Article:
Joan Mitchell’s studio in the 1950s. “Heroes-era” David Bowie is there with her. So is Louise Bourgeois, and Claude Monet, partially translucent, standing behind Joan Mitchell’s dog. A new painting hangs on the wall under spotlights.
Since 2020, Matthew Collings has made over 2000 art history drawings in colored pencil on A4 paper. Collings is a British artist, art-writer, TV personality and, as I learned in our video conversation last month, a one-time kidnap victim. He posts the drawings on Instagram shortly after making them. The drawings are usually accompanied by a title or descriptive caption, some of them long enough to tell a story. They are sold through Artist Support Pledge an art community-marketplace. Eventually, images of the drawings will be edited into a book, though Collings’ plans around that are still forming.
Art History 101 textbooks like Gardner’s Art Through the Ages and H.W. Jansen’s History of Art tell the history of art, a general consensus that follows the history of humans. In these texts, certain works of art are used to illustrate various movements, milestones and “isms.” In 1950, E. H. Gombrich proposed a slightly more human approach in The Story of Art. He wrote:
“There is really no such thing as Art. There are only artists.”
And yet, to accomplish the task of writing an academic text, Gombrich needed to summarize, organize, put artworks and artists into labeled drawers, distill the zeitgeist and stick to the facts. The Story of Art, like other well-known texts, could be summarized:
“There is really no such thing as Art; there is only context.”
Traditionally, art history braids together the three strands of time, place, and human creative production. This is effective in creating a common base-understanding about art through the centuries. But my favorite moments of Art History 101 occurred when our professor, Rita Hammond, deviated from the outline and told us about Jackson Pollock peeing in Peggy Guggenheim’s fireplace. Another time, Rita (who was in her seventies and reminded me of Ruth Gordon in Harold and Maude) told us about the time years before when she and a friend showed up unannounced to meet Georgia O’Keeffe at O’Keefe’s New Mexico ranch. O’Keeffe tried to turn them away at the gate and Rita responded, “Then what the hell is it all for?” This worked like a kind of password because Rita and her friend spent a lovely afternoon at the ranch. This is the human side of a life in art, and I have always been drawn to and moved by it.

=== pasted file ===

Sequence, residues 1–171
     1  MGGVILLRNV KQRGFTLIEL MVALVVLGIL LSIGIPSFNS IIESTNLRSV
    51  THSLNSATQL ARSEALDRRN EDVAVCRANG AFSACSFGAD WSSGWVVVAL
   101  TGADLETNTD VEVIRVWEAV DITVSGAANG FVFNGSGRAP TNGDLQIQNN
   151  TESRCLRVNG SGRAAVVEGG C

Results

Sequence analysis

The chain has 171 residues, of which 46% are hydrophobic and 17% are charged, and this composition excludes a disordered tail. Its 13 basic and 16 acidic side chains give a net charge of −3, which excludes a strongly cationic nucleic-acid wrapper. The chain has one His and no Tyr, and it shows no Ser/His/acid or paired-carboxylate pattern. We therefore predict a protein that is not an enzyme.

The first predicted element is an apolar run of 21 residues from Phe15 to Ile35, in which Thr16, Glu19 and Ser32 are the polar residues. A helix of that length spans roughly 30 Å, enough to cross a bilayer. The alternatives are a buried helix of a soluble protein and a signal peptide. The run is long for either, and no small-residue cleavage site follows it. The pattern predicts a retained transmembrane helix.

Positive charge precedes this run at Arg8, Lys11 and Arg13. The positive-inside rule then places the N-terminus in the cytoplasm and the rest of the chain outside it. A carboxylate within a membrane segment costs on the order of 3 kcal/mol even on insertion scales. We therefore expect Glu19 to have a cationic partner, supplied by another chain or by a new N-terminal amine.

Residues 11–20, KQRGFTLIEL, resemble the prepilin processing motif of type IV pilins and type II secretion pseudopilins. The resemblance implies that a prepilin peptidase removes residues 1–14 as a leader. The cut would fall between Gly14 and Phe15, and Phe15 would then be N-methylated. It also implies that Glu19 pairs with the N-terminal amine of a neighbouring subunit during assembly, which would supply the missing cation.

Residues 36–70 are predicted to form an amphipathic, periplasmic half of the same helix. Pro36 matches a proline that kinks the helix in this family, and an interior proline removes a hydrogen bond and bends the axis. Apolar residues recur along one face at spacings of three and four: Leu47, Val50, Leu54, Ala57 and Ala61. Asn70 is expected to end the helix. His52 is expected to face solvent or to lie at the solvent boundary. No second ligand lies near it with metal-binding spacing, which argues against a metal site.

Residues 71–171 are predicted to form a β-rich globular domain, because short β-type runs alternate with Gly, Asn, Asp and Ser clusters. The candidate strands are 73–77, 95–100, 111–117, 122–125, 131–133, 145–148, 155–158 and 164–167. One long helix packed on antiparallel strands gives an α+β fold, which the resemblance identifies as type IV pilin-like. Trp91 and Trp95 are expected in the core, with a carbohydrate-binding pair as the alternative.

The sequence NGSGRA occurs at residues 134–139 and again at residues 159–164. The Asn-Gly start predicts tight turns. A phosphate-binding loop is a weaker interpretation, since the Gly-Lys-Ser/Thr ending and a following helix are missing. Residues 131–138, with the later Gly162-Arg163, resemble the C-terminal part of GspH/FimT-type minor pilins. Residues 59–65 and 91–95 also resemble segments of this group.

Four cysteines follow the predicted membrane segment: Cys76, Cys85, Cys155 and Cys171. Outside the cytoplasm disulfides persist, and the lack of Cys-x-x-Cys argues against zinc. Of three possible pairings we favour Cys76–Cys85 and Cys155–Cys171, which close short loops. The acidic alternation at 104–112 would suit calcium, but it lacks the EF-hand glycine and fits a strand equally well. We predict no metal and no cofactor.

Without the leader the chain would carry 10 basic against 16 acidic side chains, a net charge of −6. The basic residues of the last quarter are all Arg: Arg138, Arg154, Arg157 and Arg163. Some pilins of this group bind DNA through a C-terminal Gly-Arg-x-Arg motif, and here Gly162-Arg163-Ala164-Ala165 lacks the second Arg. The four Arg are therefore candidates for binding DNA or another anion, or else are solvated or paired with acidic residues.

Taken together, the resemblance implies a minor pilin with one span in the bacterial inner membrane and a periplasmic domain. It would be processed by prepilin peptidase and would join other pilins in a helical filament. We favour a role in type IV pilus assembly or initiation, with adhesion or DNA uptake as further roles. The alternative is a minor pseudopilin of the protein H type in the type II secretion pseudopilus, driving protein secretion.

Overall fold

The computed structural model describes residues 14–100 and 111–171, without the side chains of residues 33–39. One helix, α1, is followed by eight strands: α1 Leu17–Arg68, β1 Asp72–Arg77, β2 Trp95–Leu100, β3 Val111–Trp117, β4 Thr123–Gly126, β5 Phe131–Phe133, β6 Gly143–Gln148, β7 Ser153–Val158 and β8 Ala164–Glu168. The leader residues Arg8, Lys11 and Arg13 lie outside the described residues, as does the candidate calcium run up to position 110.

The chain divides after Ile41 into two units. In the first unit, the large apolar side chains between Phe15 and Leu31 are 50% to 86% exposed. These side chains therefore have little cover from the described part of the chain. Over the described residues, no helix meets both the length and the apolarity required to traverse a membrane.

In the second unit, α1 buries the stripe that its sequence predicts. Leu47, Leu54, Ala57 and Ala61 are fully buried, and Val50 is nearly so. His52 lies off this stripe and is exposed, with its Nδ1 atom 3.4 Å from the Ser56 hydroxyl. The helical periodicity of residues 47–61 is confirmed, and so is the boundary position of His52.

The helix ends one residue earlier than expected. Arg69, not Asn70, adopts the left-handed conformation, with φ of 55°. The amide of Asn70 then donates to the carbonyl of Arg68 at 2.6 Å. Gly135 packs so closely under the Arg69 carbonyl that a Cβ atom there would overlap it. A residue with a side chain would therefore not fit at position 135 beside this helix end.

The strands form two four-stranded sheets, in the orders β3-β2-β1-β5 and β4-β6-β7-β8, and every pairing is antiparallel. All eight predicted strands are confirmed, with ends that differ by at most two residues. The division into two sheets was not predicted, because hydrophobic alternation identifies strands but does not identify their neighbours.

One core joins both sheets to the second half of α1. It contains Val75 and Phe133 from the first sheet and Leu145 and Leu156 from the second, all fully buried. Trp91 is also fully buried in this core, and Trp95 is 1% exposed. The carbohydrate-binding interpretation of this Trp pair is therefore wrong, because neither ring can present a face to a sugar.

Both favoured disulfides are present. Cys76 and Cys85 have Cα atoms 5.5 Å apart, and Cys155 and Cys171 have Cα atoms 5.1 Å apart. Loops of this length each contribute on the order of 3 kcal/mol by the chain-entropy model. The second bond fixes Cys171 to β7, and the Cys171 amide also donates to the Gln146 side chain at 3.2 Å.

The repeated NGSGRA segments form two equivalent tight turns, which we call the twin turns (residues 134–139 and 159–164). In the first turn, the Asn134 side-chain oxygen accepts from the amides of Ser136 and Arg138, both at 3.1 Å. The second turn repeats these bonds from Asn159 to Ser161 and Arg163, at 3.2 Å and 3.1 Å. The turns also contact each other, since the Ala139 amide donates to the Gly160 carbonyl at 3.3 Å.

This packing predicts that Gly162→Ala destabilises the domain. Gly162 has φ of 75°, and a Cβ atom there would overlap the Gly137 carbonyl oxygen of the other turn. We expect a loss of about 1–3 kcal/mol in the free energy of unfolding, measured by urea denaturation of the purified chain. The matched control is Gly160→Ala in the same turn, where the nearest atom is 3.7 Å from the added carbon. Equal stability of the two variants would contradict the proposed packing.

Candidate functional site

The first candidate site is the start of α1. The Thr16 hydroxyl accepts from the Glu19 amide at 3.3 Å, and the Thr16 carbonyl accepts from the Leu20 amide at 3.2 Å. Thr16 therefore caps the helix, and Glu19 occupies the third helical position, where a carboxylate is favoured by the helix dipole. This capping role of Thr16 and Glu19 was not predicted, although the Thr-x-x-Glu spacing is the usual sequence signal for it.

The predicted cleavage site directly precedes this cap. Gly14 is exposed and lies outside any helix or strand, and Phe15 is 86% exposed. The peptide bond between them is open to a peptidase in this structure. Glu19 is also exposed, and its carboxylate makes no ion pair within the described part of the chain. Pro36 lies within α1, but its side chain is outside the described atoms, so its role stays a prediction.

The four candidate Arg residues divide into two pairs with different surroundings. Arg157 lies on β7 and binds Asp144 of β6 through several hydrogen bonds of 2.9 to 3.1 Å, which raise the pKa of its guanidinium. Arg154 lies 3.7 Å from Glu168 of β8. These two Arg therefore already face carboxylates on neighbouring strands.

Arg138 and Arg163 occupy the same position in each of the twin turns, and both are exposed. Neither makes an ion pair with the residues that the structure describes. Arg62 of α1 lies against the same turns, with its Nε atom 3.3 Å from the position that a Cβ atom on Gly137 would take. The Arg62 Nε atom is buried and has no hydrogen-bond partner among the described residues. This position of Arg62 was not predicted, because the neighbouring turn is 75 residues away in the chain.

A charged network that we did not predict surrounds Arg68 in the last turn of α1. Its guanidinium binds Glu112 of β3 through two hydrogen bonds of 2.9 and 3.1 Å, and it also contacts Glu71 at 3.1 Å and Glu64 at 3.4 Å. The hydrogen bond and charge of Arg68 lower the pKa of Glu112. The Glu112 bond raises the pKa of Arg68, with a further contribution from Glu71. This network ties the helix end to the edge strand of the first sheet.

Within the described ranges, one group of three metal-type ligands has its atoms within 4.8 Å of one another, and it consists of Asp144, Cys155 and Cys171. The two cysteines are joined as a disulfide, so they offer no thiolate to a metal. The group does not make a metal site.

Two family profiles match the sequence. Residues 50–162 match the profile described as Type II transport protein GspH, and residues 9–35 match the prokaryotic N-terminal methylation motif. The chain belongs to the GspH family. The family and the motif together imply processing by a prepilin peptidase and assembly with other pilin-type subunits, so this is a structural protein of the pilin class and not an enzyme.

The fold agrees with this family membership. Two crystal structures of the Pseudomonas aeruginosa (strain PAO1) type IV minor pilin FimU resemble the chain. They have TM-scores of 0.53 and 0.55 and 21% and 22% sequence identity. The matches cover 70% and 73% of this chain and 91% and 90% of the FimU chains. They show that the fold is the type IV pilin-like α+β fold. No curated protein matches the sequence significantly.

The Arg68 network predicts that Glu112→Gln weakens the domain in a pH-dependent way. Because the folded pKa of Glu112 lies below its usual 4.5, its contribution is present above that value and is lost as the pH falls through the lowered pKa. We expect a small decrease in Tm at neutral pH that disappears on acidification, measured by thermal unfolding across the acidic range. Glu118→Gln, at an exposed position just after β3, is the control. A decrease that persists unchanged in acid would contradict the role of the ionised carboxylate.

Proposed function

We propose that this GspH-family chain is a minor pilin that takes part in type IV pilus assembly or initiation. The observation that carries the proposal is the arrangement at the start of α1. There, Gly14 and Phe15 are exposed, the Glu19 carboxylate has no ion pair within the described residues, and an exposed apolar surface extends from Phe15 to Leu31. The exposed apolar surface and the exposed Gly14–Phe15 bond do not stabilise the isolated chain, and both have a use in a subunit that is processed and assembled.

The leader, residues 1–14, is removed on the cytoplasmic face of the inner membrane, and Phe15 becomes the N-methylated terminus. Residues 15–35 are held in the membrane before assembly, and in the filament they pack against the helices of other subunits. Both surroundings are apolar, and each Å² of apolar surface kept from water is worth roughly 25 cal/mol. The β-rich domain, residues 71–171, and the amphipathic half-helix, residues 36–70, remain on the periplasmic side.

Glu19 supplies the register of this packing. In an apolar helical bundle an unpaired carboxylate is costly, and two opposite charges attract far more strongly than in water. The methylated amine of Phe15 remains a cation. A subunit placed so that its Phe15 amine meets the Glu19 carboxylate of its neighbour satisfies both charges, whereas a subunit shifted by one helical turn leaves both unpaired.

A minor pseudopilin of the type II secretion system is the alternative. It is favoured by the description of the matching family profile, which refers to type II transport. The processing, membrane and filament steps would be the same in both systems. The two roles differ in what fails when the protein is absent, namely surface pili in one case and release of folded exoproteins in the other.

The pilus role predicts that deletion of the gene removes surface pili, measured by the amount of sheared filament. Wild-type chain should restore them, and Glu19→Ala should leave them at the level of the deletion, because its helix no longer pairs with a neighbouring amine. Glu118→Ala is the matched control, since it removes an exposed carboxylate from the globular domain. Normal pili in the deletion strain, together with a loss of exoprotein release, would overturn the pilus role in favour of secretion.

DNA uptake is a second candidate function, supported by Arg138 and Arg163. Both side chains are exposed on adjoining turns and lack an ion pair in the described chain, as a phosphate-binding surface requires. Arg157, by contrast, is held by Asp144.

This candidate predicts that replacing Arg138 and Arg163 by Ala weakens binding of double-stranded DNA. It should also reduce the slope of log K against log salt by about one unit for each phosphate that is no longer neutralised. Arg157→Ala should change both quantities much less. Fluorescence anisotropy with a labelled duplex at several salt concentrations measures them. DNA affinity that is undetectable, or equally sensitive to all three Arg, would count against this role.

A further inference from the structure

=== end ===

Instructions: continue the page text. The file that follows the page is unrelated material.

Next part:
Art History textbooks leave out thousands or millions of these anecdotes. They also leave out (because they cannot contain) the mystery of why and how humans make art at all. Matthew Collings’ drawings include both. Collings’ art history is truly artist-centric, not at all chronological, and borderline metaphysical. The drawings are a mash-up of fact, gossip, and invention. They include artists, musicians, writers, mystics, biblical figures, political figures, the British royals, and occasionally Collings himself. They address art as a tradition, as a cult, and as a lens through which we can examine the collective conscience of society. They allude to the mystery of creativity and the interconnectedness of those who engage with art. In Collings’ version of art history, timelines get tangled and the membrane between the living and dead is permeable. Collectively, his drawings are not so much a history of art as an art séance.
In this drawing, the same group – Bowie, Mitchell, Monet, and Bourgeois – reconvenes. The dog is absent and everyone but Louise Bourgeois is smoking a cigarette. Mitchell holds a paintbrush; the atmosphere is congenial and productive, but like most of these drawings, the figures seem to be paused in something like a trance. None of them seems bothered by their aesthetic differences (or similarities) or the fact that some of them died more recently than others; that they are, in a sense, phantoms. Every artist who has spent a long night in the studio knows that eventually, the ghosts will come.
(Come back soon for Part 2.)